While I had some issues with details and size in the body of the Thinkway Toys release, it was the factor of proper coloring of the side-piping, the size of the rear spoiler (which looks about the size of a normal wafer-cookie to our size), and the raised gummi-worm treads that pushed this one ahead of some really nice body detailing done by Disney Consumer Products.
Vanellope Von Schweetz figure
I think like many out there, I didn’t expect to really find myself liking the character of Vanellope. The commercials largely made her out to seem smart-alecky, and a little bratty. However, her character’s story within the film of Wreck-It-Ralph became something that me and many others were talking about…not to mention caused a lot of her character-related merchandise to quickly disappear from shelves after the movie came out.
The Disney Store version
– Eye coloration is close to film version, with a brown center and green coloration around the iris.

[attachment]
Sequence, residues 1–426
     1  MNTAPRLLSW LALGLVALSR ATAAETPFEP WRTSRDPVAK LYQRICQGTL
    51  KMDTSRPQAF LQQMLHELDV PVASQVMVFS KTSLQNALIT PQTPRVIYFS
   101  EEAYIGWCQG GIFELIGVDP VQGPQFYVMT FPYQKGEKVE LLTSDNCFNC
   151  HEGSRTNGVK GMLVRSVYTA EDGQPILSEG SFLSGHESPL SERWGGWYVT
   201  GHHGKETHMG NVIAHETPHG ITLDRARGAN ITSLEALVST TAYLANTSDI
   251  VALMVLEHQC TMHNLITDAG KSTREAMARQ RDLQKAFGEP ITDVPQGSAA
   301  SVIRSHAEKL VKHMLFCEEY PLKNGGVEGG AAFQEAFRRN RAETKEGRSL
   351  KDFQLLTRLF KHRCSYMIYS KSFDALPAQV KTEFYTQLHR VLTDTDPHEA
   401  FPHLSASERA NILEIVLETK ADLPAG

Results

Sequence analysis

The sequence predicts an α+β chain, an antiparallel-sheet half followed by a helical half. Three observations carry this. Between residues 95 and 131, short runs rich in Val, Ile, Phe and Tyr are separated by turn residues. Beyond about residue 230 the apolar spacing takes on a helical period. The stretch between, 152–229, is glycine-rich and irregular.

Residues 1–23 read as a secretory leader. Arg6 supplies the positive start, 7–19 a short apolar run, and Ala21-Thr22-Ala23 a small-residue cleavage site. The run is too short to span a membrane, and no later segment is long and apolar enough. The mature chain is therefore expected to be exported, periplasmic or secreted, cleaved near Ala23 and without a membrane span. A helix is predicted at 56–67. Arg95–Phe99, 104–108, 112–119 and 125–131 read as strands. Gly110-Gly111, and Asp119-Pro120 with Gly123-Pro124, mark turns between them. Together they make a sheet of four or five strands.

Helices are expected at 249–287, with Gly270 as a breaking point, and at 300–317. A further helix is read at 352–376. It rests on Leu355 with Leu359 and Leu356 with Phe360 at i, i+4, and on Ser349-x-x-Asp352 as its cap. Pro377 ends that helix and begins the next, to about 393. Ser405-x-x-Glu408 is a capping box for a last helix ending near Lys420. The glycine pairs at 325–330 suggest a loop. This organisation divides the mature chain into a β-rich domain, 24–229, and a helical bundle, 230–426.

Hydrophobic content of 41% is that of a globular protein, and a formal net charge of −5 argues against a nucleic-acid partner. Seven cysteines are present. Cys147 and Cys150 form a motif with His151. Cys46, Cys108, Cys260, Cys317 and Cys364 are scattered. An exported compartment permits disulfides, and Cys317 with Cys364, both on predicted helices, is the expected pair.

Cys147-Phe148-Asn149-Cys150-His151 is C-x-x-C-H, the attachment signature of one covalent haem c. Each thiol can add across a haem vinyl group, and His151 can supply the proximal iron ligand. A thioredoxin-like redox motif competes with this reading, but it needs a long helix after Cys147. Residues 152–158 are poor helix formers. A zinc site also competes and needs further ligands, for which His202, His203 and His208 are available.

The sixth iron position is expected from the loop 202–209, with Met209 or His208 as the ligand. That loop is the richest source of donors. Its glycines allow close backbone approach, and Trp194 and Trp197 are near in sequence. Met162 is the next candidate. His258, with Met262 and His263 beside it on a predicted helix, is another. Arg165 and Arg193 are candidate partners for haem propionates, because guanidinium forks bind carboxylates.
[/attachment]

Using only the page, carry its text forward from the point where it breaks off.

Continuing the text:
– Skin tone is almost ‘milk-bottle pale’
– Head size is smaller.
– Red horizontal striping missing around parts of her left legging
– Dark pink coloration on nose and lips is a bit too ‘glaring.’
The Thinkway Toys version
– head-to-body ratio/size is close to film version (though this means Vanllope is more apt to fall over!)
– pink-stripe present around left legging
– Figure seems over-sized when sitting in kart.
– Eye coloration is just brown, with no outer greenish tint around irises.
This was another tough one.Both companies got down the basic coloration of Vanellope’s wardrobe right, and give her limited arm and leg movement. However, it was the little things that made me a real stickler for detailing.
While the size of Vanellope in relation to her kart definitely stuck out like a sore thumb to me, Thinkway Toys won me over with the detail on their figure. Thinkway Toys have proven themselves to be incredibly good with making accurate figures from computer-generated information, since they designed Woody and Buzz from Toy Story way back in 1995 (their Buzz figure became one of the most sought-after figures that Holiday season!).
I did wish they would have released a smaller version Vanellope in stores. I would have definitely bought it to put with the kart.